Management Success Tip #166: Want Engaged Employees? Listen and Learn!

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If you really want to insult someone, simply turn your back to them as they are talking to you. Be aware though, you may end up getting pulled rudely back around and even hit for such an act of disrespect.

What you may not realize, is that when you’re texting or answering your phone when an employee is talking to you, you’re engaging in the same disrespectful behavior. You are psychologically turning your back on them. More subtly, if you’re not giving your employee your full attention with your eyes as well as your ears, you are also “turning your back.”

Nothing is more important than not only listening to your employees, but also making it clear to them, by your attention and body language, that you are hearing them. “Employees are almost always telling their bosses how they feel, what they want or what they are doing, but sometimes this falls on deaf ears,” says Piera Palazzolo. “Make sure you listen and hear what your employees are saying to you. This will make you more attentive and caring as a manager, and will also help you know what your team is doing and how you can help them accomplish their goals.”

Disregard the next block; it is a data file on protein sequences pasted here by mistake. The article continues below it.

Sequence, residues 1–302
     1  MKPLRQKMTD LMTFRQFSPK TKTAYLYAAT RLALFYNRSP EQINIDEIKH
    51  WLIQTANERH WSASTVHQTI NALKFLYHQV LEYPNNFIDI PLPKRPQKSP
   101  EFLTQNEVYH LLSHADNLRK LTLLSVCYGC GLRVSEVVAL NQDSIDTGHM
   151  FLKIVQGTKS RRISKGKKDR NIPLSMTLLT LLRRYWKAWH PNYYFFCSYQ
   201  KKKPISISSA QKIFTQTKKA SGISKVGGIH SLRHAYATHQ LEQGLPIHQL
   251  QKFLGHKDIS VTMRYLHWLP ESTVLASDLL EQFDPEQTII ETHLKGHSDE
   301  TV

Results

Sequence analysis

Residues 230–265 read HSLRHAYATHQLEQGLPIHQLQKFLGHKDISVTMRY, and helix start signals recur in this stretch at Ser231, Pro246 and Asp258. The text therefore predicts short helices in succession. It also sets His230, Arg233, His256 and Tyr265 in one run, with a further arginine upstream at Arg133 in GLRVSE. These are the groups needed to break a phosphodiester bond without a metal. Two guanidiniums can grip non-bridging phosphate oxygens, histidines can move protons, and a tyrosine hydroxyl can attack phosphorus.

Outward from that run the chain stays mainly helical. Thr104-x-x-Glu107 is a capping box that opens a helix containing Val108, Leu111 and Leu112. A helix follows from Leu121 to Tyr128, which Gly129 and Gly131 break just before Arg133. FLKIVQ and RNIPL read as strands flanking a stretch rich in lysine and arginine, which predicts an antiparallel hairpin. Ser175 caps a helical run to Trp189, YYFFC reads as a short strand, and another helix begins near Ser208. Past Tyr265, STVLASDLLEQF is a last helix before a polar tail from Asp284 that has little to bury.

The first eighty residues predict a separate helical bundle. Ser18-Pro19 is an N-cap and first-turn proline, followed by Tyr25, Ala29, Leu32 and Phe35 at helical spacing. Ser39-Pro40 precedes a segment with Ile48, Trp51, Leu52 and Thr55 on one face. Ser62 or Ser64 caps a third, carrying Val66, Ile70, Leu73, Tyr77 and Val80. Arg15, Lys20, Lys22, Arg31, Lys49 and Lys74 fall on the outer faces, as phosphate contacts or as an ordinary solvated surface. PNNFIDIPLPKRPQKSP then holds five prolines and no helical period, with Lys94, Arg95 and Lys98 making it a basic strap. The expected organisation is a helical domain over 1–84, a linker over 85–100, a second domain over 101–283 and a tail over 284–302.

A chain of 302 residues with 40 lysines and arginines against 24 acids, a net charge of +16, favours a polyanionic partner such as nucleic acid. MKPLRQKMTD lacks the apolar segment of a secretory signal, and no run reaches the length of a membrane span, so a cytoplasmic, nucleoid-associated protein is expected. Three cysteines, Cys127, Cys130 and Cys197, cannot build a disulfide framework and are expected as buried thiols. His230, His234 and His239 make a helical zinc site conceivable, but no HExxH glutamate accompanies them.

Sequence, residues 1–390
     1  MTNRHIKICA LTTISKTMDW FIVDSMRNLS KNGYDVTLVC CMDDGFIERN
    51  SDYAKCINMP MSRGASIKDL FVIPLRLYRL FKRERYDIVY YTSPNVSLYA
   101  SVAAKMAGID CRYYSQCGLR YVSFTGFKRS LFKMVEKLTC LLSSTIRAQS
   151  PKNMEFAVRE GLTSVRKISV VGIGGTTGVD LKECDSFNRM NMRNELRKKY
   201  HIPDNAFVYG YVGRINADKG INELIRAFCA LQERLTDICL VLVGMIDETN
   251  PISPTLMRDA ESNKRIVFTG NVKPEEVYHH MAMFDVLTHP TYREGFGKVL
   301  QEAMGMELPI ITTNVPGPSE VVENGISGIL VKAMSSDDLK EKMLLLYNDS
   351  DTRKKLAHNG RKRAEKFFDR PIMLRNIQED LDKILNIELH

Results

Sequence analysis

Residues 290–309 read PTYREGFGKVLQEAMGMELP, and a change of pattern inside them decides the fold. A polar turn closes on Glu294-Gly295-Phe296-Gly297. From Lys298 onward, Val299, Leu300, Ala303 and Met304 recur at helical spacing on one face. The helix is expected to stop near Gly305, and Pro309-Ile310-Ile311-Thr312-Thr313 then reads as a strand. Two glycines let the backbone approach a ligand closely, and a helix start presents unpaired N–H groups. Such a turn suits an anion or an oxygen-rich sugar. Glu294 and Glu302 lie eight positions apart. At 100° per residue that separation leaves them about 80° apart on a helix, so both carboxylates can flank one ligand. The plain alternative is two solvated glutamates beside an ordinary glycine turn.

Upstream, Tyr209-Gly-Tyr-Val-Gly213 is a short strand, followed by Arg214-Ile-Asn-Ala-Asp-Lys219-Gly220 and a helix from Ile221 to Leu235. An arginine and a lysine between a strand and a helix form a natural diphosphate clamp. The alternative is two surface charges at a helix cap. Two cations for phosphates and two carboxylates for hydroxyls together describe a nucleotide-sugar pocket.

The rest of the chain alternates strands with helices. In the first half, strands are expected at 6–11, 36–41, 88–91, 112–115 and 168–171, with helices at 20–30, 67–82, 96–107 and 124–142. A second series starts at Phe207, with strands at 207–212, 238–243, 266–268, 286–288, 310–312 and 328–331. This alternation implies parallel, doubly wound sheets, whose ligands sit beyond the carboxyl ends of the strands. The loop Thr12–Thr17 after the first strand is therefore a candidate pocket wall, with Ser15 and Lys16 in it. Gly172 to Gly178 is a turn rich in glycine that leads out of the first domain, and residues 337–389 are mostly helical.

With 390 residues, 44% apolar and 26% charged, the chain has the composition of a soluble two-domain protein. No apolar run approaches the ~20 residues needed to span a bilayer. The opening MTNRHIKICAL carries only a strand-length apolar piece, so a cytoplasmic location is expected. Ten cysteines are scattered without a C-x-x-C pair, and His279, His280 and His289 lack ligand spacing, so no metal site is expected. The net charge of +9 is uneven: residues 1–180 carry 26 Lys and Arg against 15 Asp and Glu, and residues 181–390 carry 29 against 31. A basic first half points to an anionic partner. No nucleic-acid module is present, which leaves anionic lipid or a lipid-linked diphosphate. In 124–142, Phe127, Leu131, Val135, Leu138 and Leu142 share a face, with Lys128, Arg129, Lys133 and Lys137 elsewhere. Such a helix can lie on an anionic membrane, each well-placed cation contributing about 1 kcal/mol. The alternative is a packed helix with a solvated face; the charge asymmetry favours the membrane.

Isn’t that what you want? To know how your team is doing, and how you can best assist them in accomplishing their goals? When you do that, you end up with engaged, motivated employees who truly care about the company and strive for work-excellence.

Be a better-than-good manager. Join the ranks of the best. Listen and learn!

Management Success Tip #159: How to Be Nice And Tough AND Successful!

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Mr/Ms Tough Guy/Gal? Mr/Ms Nice Guy/Gal? Which should you be? Our society values “tough” above almost everything else – at least according to the media – yet today’s business uber-stars, from Richard Branson to Barrie Bergman claim that you don’t have to choose: tough and nice aren’t incompatible.

But how does that work? In real life, yours for example. In the real workplace. The one you work at, day in day out.